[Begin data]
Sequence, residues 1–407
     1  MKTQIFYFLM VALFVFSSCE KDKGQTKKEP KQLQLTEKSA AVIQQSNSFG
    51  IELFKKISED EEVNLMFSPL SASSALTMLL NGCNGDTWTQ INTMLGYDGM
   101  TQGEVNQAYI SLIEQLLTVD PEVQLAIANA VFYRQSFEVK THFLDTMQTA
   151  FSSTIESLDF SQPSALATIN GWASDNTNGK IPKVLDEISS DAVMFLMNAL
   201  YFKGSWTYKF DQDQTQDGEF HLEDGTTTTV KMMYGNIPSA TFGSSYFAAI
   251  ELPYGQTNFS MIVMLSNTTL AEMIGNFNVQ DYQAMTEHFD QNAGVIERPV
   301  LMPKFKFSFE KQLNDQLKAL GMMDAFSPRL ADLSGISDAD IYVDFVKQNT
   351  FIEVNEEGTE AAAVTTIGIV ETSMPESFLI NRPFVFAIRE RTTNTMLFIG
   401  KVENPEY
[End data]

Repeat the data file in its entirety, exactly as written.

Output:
Sequence, residues 1–407
     1  MKTQIFYFLM VALFVFSSCE KDKGQTKKEP KQLQLTEKSA AVIQQSNSFG
    51  IELFKKISED EEVNLMFSPL SASSALTMLL NGCNGDTWTQ INTMLGYDGM
   101  TQGEVNQAYI SLIEQLLTVD PEVQLAIANA VFYRQSFEVK THFLDTMQTA
   151  FSSTIESLDF SQPSALATIN GWASDNTNGK IPKVLDEISS DAVMFLMNAL
   201  YFKGSWTYKF DQDQTQDGEF HLEDGTTTTV KMMYGNIPSA TFGSSYFAAI
   251  ELPYGQTNFS MIVMLSNTTL AEMIGNFNVQ DYQAMTEHFD QNAGVIERPV
   301  LMPKFKFSFE KQLNDQLKAL GMMDAFSPRL ADLSGISDAD IYVDFVKQNT
   351  FIEVNEEGTE AAAVTTIGIV ETSMPESFLI NRPFVFAIRE RTTNTMLFIG
   401  KVENPEY